AIDS week kicks off

By Cara Donfrio

All week long, students will be able to gather information about AIDS after efforts by the Zeta Phi Beta sorority and the DeKalb County Health Department.

Starting today, the fifth-annual AIDS Awareness Week begins on campus and will feature various events that relate to the affliction in some way.

The week’s activities begin at DuSable Hall with an information table, which will be staffed by spokespersons who can give students details about the disease and an introduction to the events that the week will entail.

Tomorrow night, the movie “Philadelphia” will be shown at the Stevenson Multipurpose Room.

“We were looking for contemporary movies, and this is the most current movie that exemplifies HIV/AIDS,” said Natalie Conde, a senior FCNS major and member of Zeta Phi Beta.

Following the movie, there will be a discussion group. The Nation of Islam Student Association and the Zeta Phi Beta sorority will go over topics related to AIDS and discrimination.

Wednesday will bring the information table back to Cole Hall with more options available. They will be able to sign up for events such as anonymous AIDS testing and the AIDS Walk Chicago taking place in DeKalb.

The anonymous testing lasts from 4 to 7 p.m. Thursday at the Holmes Student Center’s Illinois Room. The test is free and private for all students. Each student will receive an optional counseling session before the test.

“Most students have at least some questions,” said Gary Judd, an employee at the DeKalb County Health Department and testing administrator. “I believe that the counseling session is very important.”

The test takes five minutes or less and is completely painless.

“We used to have a blood draw, because that was the only way,” Judd said. “For the last three years, we’ve had oral testing.”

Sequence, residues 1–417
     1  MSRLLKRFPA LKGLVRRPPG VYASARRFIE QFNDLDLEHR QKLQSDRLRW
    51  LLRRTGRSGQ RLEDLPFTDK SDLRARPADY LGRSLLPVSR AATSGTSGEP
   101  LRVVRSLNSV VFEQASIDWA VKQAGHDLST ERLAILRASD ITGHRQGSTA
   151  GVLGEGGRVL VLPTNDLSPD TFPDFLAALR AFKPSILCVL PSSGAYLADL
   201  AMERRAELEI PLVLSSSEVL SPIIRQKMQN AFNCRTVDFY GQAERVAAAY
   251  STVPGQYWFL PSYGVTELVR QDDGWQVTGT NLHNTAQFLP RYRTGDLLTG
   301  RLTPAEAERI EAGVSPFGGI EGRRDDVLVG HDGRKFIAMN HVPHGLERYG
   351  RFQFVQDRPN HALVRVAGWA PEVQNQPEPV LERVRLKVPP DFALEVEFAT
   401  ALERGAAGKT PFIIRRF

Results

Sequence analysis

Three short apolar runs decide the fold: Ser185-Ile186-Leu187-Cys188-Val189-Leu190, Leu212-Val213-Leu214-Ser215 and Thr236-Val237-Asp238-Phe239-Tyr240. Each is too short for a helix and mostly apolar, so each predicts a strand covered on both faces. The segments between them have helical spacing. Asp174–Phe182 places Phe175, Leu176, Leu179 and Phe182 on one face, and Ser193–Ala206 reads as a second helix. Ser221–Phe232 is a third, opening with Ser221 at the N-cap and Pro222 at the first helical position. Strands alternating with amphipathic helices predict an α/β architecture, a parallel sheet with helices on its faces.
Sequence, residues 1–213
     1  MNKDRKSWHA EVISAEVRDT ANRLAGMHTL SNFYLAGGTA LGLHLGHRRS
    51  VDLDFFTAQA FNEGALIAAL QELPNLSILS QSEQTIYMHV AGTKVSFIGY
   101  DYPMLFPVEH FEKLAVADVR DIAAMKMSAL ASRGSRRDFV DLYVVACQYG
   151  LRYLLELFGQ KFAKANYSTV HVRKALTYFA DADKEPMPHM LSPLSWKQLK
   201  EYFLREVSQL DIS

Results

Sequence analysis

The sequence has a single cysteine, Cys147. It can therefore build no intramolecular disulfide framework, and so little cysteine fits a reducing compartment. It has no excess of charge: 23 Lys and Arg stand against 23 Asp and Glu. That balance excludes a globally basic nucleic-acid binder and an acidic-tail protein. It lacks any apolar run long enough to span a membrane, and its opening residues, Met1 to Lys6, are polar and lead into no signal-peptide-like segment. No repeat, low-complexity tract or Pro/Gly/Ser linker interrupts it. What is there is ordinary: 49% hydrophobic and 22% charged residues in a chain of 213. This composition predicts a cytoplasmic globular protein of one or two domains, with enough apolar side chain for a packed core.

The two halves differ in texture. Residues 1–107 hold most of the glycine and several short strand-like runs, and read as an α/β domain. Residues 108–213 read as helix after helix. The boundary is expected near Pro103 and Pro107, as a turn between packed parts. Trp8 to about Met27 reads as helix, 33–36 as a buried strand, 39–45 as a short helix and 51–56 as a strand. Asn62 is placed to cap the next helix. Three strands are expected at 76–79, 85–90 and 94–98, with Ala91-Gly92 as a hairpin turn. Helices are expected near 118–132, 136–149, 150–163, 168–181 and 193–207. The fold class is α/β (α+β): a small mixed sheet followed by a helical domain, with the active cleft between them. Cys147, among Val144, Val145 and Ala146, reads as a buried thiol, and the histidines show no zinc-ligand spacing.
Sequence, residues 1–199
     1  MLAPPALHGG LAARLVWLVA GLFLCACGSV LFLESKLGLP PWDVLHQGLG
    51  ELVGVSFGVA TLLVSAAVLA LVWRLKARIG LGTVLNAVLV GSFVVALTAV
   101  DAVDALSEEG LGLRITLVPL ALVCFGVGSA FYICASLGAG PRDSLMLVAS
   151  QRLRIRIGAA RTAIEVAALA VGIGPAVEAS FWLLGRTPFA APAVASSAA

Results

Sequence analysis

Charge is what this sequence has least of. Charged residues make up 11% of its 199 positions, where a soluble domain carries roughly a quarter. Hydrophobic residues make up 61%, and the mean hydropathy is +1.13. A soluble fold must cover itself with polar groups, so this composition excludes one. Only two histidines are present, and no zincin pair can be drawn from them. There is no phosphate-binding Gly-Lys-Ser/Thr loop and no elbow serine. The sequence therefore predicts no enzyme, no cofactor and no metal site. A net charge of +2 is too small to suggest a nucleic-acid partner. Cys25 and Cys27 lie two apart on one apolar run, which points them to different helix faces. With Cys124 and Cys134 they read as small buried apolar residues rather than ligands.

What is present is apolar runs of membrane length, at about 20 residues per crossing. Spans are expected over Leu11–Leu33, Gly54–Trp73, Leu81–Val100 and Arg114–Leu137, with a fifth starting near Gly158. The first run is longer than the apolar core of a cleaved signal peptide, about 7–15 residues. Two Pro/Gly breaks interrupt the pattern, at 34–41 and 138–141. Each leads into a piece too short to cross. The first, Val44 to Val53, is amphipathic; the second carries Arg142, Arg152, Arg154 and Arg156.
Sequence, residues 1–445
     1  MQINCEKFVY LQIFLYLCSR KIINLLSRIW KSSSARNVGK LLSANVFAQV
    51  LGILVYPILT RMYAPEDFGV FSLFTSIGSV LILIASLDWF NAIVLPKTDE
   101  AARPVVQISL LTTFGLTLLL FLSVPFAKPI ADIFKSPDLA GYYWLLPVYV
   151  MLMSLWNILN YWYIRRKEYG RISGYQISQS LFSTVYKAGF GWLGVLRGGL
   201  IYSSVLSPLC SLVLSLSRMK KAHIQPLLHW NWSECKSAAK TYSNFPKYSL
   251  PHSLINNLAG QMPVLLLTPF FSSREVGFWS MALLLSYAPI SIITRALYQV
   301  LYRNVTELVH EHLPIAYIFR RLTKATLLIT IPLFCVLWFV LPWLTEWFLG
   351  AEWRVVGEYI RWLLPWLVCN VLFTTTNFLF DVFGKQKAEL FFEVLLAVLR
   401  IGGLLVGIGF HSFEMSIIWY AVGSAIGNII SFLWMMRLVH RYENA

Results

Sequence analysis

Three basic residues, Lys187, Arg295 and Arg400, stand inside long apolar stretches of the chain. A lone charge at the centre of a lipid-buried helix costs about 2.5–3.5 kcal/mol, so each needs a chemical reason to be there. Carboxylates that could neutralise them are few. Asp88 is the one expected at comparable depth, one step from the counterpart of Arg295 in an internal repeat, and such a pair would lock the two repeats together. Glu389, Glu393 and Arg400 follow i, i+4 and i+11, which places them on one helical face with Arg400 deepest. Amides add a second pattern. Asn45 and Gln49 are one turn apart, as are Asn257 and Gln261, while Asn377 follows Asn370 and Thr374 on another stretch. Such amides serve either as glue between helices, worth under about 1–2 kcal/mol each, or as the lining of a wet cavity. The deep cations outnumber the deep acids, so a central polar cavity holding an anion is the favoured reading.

A cotton swab in the mouth is the only instrument used during the test.

“What most students don’t know is that this testing is done continuously,” Judd said. “On the second and fourth Thursdays of [every] month, we’re testing and it’s always free. [University] Health Services does testing too, but there’s a charge for it and it isn’t anonymous. But Health Services does a wonderful job.”

“There’s no way I could have it,” sophomore engineering major Gustavo Vasquez said. “I wouldn’t take the test.”

Judd stressed the importance of getting tested just to make sure.

“Most people who have AIDS once thought there was no way,” he said.

Directly following the testing will be a presentation at the HSC’s Heritage Room. Representatives from the AIDS Foundation of Chicago will cover a wide range of topics related to AIDS, focusing on current treatments for the disease.

The local AIDS Walk Chicago on Sunday will wrap up the week. Participants will meet at Central Park (between Stevenson Towers and Douglas Hall). The cost is $5 per person or $25 per organization, with proceeds going to the AIDS Foundation of Chicago. Registration runs from 10 a.m. to 1 p.m., with the last walker able to start at 1 p.m. The walk will begin at 11:20 a.m.

Conde was enthusiastic about the event.

“We’re expecting a large turnout,” she said. “Many students know that this walk exists, but not that it’s in DeKalb. In fact, in Chicago, it’s $20 a person, so this is more convenient. We’ve got support from so many people – student organizations, local businesses – even President Peters donated money. We’re trying to target the whole community, DeKalb and Sycamore, not just the campus.”

Many students were interested in the walk, but there were some reservations.

“The $5 might be an issue,” said Erick Brenes, a freshman time arts major. “College students don’t have money.”

Judd remained excited about the week.

“I’m really grateful for the opportunity to work with so many great organizations, such as Zeta Phi Beta. We’ve gotten so much support,” he said. “There ought to be a great turnout.”